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From boom to gloom: Sudden dip in US robot orders

From boom to gloom: Sudden dip in US robot orders
From boom to gloom: Sudden dip in US robot orders

The US robotics market took a downturn during 2023, with robot orders dropping by approximately 30%. This follows after record sales during the 2021 and 2022 quarters. 

According to the Association for Advancing Automation (A3), robot purchases increased steadily over the past five years, despite industries struggling with labor shortages. 

This decline in robotics orders, while anticipated by industry analysts, causes a ripple effect across sectors. It includes manufacturing and the automotive sector, as well as logistics and e-commerce.

2023’s slump in robot orders

Alex Shikany, vice president of membership and business intelligence at A3, says there’s been a “drawback in purchases” after the post-COVID-19 surge. Shikany says the slump can be attributed to “the slow economy and high interest rates.”

Shikany explains that many companies are unable to invest capital “despite their struggle to find workers willing to do many of the dull, dirty, and dangerous jobs that remain unfilled.”

The US has been struggling with an ongoing labor shortage across manufacturing sectors, according to the Bureau of Labor Statistics. The COVID-19 pandemic was cited as a “major disruption in America’s labor force.”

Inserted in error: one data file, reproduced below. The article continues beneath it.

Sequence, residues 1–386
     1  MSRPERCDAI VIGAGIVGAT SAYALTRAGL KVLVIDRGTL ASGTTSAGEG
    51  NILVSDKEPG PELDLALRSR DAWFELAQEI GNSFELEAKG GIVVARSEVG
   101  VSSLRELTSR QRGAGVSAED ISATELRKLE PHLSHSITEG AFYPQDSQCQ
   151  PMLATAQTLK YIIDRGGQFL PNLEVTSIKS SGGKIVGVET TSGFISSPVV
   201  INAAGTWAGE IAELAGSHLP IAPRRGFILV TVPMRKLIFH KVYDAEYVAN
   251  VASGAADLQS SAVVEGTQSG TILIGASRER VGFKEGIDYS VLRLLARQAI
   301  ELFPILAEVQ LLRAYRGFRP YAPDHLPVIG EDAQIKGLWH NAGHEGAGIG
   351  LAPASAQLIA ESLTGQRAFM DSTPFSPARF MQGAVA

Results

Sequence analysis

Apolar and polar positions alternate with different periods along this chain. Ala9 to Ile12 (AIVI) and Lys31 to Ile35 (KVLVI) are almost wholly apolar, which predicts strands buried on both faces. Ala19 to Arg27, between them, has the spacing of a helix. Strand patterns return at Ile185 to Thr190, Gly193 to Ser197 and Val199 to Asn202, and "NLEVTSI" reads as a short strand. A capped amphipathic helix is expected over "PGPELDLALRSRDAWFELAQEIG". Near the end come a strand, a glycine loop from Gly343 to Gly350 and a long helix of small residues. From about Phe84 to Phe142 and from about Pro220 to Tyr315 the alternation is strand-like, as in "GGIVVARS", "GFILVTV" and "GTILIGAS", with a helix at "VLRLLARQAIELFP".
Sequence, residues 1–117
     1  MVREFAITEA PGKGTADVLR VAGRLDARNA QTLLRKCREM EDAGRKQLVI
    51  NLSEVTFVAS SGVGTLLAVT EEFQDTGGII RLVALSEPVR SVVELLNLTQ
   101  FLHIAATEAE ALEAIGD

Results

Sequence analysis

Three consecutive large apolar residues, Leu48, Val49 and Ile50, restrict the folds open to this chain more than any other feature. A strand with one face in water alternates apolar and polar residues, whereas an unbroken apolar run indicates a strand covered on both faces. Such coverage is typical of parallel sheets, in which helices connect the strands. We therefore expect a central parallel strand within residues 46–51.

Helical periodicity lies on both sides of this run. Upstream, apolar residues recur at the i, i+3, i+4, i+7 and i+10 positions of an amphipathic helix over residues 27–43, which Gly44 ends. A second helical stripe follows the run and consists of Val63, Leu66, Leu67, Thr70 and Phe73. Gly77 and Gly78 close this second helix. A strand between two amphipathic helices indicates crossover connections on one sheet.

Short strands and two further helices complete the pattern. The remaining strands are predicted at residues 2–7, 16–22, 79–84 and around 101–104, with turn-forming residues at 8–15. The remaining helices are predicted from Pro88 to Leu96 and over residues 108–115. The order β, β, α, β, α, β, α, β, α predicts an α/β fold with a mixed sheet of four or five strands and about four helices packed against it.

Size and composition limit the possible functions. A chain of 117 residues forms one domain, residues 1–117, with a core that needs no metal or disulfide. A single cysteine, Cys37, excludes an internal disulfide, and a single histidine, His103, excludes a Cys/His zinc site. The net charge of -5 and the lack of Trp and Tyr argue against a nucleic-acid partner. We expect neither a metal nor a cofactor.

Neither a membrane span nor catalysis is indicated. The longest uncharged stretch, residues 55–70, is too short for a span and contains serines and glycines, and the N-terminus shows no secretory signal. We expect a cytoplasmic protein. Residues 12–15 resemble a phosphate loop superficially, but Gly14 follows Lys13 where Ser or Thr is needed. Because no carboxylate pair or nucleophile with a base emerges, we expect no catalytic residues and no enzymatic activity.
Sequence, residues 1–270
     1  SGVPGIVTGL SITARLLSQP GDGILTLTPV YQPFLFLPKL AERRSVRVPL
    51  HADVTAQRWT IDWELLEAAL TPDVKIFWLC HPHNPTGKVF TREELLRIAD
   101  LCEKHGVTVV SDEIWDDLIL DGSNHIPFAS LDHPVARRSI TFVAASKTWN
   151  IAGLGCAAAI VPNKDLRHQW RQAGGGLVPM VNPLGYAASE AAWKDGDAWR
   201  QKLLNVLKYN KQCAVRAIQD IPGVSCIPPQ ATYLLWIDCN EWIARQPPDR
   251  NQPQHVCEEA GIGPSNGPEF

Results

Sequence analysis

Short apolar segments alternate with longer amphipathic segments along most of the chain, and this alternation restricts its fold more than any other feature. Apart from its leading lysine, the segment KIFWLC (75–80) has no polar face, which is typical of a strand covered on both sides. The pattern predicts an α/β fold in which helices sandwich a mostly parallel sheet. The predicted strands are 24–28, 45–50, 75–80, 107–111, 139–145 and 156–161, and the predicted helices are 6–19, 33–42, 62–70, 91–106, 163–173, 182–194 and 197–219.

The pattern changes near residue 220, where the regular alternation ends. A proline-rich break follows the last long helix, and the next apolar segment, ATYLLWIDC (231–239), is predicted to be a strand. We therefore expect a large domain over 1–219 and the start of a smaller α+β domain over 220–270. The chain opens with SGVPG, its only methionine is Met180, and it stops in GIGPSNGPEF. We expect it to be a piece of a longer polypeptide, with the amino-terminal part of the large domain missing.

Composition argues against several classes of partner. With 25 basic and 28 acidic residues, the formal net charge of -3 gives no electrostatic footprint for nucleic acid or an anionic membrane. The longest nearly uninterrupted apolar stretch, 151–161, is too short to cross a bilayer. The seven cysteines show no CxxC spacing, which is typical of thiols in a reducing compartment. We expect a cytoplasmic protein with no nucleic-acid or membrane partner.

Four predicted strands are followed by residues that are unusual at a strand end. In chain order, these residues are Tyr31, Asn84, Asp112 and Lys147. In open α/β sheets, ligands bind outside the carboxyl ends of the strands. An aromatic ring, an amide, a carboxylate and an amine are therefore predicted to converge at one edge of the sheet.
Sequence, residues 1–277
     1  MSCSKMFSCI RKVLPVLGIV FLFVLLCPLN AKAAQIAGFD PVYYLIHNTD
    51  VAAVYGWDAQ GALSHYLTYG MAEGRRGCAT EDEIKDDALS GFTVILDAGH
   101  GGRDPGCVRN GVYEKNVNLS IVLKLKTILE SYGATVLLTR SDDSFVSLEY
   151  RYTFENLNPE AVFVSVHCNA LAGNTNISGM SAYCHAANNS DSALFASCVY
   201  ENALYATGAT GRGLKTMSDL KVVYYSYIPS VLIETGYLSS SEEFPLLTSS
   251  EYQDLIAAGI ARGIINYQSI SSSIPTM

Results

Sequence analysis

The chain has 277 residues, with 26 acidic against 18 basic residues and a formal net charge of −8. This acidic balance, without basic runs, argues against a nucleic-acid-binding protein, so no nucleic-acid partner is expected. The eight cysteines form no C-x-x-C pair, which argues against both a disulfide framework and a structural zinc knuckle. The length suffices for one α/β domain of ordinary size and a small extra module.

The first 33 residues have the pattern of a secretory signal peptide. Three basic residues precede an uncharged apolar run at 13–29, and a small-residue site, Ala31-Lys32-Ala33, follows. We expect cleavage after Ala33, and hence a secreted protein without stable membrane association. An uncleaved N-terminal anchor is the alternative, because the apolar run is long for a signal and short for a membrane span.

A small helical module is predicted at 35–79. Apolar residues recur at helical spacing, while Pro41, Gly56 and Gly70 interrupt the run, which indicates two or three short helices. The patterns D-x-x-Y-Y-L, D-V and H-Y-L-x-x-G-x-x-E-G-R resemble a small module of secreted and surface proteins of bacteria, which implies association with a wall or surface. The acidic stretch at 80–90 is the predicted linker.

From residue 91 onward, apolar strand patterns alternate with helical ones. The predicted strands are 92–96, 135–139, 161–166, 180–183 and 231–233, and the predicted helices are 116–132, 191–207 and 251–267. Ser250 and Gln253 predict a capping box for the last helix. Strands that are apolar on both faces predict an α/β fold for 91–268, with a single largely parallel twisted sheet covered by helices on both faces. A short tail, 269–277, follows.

Labor shortages in the US 

According to A3’s previous analysis, the downturn started during the first quarter of 2023. At the time, companies in North America ordered 9,168 units. In addition, total robot sales reached $597 million during the first quarter – 10% from 2022’s first quarter. 

Out of those sales, 68% came from automotive customers – approximately 5,659 robots purchased. Non-automotive (such as consumer goods, electronics, plastic, rubber, pharmaceutical, etc) decreased by 42%.

This has been referred to as The Great Resignation. More than 47 million workers quit their jobs in 2021, followed by another 50 million in 2022. The Bureau of Labor Statistics says the trend has “gradually subsided,” with only 30.5 million resigning as of August 2023. 

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Despite the recent dip in sales, A3 president Jeff Burnstein says there’s light at the end of the tunnel. The stats show that 2023 “ended with both an increase over the previous quarter and a nearly equal number of sales from automotive and non-automotive companies.”

Burnstein says these are promising signs “that more industries are becoming increasingly comfortable with automation overall.” 

He says orders are likely to increase: “There’s little doubt that orders will increase from all non-automotive industries as they recognize how robots can help them overcome their unique challenges.”

Statista corroborated this in August 2023. The US could “generate the highest revenue in the robotics market, with projections indicating a figure of US$7.85 billion in 2024.”

The boost would likely be spearheaded by service robotics, with a projected market volume of US$7.20 billion during the same period. Service robots are used for cleaning, sanitation, inventory tracking, security patrol, and similar use cases. 

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About the author

Cheryl has contributed to various international publications, with a fervor for data and technology. She explores the intersection of emerging tech trends with logistics, focusing on how digital innovations are reshaping industries on a global scale. When she's not dissecting the latest developments in AI-driven innovation and digital solutions, Cheryl can be found gaming, kickboxing, or navigating the novel niches of consumer gadgetry.

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